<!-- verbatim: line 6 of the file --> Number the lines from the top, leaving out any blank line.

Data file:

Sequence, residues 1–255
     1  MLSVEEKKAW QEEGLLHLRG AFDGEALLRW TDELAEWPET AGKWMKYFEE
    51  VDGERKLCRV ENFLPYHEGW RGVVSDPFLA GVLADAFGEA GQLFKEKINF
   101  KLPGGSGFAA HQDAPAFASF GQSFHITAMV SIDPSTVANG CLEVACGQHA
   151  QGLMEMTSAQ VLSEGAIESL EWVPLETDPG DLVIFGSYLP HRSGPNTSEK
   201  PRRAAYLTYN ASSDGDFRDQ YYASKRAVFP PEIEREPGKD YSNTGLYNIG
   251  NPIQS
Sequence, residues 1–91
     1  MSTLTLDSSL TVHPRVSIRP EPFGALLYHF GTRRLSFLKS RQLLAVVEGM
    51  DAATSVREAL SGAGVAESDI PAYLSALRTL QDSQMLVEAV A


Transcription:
   201  PRRAAYLTYN ASSDGDFRDQ YYASKRAVFP PEIEREPGKD YSNTGLYNIG